Ezra holds his mom's sunglasses. He's lifting the ear handles as if they were the bars that stop traffic when a train passes. "Ding, ding, ding, ding." The noise stops and I see the train swoosh by. "Ding, ding, ding, ding." The train safely past, I feel my car lurch forward and across the tracks.
Max sneaks around a corner. "Are you shooting someone with your air soft gun?" I ask.
There is no air soft gun here, but he gives me a covert nod as if doing otherwise will ruin the moment. The message is clear: I "get" what he's doing. He lifts his imaginary gun and points in a different direction.
As a child, I too created my own worlds. The spiral steps in my grandparents' yard were steps that led to a castle. Leaf covered pathways entered different worlds. My grandmother's garage was like a museum. Haunted-- not by ghosts, but by the unfamiliarity of days gone by.
Exploration and imagination are paramount to children, and the vividness of their engagements is inspiring. Though I am past pretending the enemy waits around the corner, or that my eyeglass arms are moveable bridges, I still feel the need for exploration and imagination in that exploration.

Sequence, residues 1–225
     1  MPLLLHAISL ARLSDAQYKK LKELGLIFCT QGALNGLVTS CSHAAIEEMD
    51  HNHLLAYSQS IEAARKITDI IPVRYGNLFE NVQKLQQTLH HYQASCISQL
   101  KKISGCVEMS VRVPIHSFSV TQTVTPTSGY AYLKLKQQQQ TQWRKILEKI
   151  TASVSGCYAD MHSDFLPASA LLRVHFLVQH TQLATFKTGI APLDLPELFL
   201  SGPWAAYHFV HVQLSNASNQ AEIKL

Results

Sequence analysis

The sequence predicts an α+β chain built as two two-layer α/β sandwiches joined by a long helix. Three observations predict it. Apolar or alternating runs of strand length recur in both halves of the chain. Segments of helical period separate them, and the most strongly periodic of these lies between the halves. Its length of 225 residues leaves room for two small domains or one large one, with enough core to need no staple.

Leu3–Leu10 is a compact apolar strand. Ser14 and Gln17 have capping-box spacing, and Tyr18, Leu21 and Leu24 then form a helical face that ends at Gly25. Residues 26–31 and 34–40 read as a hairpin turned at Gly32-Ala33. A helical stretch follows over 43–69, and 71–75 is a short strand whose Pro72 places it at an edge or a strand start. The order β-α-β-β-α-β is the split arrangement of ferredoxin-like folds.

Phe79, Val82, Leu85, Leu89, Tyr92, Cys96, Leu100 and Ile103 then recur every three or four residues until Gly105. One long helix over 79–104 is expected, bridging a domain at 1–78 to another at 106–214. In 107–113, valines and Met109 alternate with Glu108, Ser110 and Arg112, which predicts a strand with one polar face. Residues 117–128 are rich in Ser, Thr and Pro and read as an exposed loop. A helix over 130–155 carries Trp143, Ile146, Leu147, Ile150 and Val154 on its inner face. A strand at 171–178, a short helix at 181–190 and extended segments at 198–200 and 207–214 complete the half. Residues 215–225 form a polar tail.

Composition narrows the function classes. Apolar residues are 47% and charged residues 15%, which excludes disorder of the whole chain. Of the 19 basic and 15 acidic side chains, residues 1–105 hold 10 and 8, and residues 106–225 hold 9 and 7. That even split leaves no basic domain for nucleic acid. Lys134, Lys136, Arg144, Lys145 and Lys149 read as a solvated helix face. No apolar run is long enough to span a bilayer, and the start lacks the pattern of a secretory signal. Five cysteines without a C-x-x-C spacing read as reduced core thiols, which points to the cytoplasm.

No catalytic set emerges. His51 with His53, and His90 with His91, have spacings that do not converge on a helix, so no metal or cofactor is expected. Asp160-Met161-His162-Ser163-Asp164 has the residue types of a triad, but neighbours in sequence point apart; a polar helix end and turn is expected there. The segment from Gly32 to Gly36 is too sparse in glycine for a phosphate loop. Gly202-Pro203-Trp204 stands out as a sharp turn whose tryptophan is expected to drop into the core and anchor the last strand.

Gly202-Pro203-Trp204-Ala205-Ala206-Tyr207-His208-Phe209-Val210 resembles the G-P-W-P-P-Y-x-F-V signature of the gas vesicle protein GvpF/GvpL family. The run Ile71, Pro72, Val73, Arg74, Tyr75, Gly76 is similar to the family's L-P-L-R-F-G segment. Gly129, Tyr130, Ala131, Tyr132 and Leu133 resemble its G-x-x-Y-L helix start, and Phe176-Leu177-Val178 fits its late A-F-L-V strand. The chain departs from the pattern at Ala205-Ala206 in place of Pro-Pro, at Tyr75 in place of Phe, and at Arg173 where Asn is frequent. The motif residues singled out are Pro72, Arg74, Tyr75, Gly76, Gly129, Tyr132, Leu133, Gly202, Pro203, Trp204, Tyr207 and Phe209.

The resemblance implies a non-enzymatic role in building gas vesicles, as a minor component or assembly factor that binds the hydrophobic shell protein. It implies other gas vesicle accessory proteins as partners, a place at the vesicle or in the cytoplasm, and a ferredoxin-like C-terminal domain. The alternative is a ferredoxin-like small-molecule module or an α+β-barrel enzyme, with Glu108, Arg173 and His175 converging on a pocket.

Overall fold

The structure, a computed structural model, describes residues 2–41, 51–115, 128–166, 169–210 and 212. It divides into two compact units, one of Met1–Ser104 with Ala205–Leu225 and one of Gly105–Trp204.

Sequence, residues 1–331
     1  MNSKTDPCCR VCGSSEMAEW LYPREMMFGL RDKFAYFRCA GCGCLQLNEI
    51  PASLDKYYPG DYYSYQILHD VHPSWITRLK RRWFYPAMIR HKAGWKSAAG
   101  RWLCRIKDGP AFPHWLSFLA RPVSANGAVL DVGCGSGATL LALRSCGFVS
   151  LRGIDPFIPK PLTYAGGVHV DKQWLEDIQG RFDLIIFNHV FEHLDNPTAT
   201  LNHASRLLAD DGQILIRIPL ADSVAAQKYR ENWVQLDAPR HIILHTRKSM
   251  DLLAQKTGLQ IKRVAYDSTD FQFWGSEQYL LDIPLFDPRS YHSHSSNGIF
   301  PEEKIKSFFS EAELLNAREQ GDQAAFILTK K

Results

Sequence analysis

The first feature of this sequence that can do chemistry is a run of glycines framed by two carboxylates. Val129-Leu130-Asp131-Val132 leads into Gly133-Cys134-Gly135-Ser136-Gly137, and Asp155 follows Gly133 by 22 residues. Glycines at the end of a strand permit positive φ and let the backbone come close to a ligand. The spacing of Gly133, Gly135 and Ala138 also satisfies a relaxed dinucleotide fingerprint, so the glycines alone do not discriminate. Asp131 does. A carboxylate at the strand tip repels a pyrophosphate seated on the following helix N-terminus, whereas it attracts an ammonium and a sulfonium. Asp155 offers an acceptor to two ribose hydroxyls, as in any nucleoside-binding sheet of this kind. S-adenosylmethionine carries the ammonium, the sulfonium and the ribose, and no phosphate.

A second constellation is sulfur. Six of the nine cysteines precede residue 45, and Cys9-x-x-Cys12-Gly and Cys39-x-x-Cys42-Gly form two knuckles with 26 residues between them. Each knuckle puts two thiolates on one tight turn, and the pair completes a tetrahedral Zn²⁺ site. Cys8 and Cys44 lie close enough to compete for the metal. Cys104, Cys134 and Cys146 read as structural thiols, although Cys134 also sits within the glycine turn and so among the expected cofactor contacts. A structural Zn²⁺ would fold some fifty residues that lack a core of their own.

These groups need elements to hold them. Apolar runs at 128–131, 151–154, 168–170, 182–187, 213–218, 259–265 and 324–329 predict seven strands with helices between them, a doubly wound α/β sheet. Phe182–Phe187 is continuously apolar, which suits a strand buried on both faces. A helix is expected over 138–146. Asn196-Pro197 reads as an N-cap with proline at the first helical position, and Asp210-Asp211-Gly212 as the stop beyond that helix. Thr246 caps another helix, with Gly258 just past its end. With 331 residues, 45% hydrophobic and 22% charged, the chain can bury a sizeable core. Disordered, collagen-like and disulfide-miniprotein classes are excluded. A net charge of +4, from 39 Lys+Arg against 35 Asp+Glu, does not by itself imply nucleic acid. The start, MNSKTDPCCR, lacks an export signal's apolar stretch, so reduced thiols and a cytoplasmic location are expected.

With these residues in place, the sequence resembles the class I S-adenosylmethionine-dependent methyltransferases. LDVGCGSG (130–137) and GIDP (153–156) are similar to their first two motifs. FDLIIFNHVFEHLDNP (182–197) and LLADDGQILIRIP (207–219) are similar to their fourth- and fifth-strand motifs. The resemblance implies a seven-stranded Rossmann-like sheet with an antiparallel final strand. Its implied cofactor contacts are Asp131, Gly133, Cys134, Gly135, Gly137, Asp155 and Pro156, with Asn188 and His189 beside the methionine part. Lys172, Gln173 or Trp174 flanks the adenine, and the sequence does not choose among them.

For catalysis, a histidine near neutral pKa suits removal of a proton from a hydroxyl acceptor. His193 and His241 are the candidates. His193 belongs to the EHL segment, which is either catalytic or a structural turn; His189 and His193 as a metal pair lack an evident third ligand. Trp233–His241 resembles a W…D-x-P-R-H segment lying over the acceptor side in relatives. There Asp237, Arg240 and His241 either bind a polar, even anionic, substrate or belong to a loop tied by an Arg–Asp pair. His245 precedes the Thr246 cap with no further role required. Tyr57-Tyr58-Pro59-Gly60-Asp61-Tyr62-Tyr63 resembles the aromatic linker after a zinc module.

Saturday night, I am roped into chaperoning the school sweetheart dance. This includes walking the halls, looking for couples "seeking privacy," perusing the dance floor for over-board intimate dancing, and a twice-every-hour, stage check. The stage check is already covered, but while investigating the closed off part of the gym and open doors and hallways, I find myself at the stage door. It's dark and scary, but that exploration urge pushes me forward. I use the flashlight app on my phone and climb the stairs. It's spooky, black, and the perfect place to find a dead body. Or a zombie! I have to talk myself into staying calm. My moves are quick and purposeful, just a few stairs, an open door and I'm safe.
Most of the night is spent engaging with students: taking their photos, conversing over "little things," but mostly enjoying their handsome and beautiful dressed-up-selves. I even dance.
Before I left for the dance, I was partially dreading the long night. We'd rushed through dinner and I was missing the company of a visiting daughter. And foremost, it was a Saturday night at school. Who gives up Saturday night to chaperone at the school dance? The surprise was: I enjoyed myself immensely.
I had forgotten the childlike exploration and imagination that brings excitement and joy to life--and forgotten that both can be found, must be found, even in the mundane obligations on a Saturday night.